In The Days Before Mobile Phones

By Beryl Wills

For weeks I had been telling my husband that there was something wrong with my car, as on several occasions I had found difficulty in getting the gears.

"Its your driving" was his reply, and left it at that.

Then one evening as my daughter and I were returning home from shopping, and I was driving along the road, the same thing happened again. But this time before the car actually stopped it went into a spasm of jerks, like the ones thatmost of us are familiar with when first learning to drive (commonly known as Kangaroo Jumps). When this happened, my daughter and I just looked at one another, as mechanics neither of us are. To add to the catastrophe, the place where we had broken down was on the Kidderminster Road, in a spot where there wasnt a house, or human to be seen. But, after several attempts trying to get the car started again, we had to admit defeat, and settle with the knowledge that we had no alternative but to walk, as some distance back we had seen a garage. The most annoying part was the weather, which was atrocious, a gale force wind almost blew us off our feet, and the rain that never ceased to pour.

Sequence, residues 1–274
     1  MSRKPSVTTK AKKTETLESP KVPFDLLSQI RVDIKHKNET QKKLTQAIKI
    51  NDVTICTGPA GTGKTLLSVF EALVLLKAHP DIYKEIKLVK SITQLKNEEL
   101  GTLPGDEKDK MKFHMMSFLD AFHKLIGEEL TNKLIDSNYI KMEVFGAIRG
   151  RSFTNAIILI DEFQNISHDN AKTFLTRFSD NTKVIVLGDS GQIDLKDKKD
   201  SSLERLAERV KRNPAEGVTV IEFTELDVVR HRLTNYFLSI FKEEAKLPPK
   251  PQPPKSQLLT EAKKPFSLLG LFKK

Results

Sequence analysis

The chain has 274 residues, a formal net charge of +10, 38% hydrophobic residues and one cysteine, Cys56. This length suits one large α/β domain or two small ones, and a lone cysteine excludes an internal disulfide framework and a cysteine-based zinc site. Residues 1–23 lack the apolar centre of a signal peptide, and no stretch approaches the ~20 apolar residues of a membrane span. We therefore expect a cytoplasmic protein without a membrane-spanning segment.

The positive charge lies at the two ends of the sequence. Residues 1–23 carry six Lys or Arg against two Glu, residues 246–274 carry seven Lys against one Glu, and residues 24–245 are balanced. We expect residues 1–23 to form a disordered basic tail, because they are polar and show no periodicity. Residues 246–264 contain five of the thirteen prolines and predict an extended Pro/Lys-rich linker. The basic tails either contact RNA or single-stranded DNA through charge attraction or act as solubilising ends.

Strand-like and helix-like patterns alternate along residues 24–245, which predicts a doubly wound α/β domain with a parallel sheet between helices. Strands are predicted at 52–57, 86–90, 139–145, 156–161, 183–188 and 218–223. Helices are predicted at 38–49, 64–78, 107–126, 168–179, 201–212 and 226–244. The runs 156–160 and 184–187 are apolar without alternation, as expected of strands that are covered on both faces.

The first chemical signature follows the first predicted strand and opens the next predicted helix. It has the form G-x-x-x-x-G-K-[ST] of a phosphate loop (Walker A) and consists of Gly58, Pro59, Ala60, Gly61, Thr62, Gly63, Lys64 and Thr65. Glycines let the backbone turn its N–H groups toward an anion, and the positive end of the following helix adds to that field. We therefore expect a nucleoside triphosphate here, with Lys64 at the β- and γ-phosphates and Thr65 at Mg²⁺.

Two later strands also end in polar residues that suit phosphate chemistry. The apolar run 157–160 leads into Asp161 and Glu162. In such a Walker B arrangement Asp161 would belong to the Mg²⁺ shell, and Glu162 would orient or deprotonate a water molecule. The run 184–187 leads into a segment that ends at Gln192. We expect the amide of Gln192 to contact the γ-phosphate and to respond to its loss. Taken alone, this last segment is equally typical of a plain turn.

It was like a scene from a horror movie, and as we started on our journey it got even worse, as even the trees seemed to have faces. Every sound we heard caused us to look nervously over our shoulder. Although we did manage to ignore the squelching of our shoes, where the rain continued to seep in, leaving us feeling, and sounding, as though we were walking through a quagmire.

When we arrived at the garage the proprietor couldn't have been nicer, as he let me use his telephone to ring my husband, and even offered us a cup of coffee.

The sanctuary of the garage was a welcome haven after the gruesome journey. As my daughter and I sat there, looking like rag dolls, with make up streaming down our faces, and hair wet and straggly like that of the Yorkshire terrier, I suddenly became aware that we weren't the only ones in the room. Sitting in the corner, eyes fixed on us permanently, was a ferocious Alsatian, whose ears pricked up every time we moved. To make matters worse, the owner of the garage had to leave us alone with him while he went to serve petrol. Each time he did this my daughter and I froze, like statues from the Ice Age.

When my husband arrived he didn't look pleased. Apparently, when I rang him, he was just about to settle down in front of the fire, with a tot of whisky, and his much-loved pork and pickle sandwich, which when we got home had been eaten by the dog. Ah well!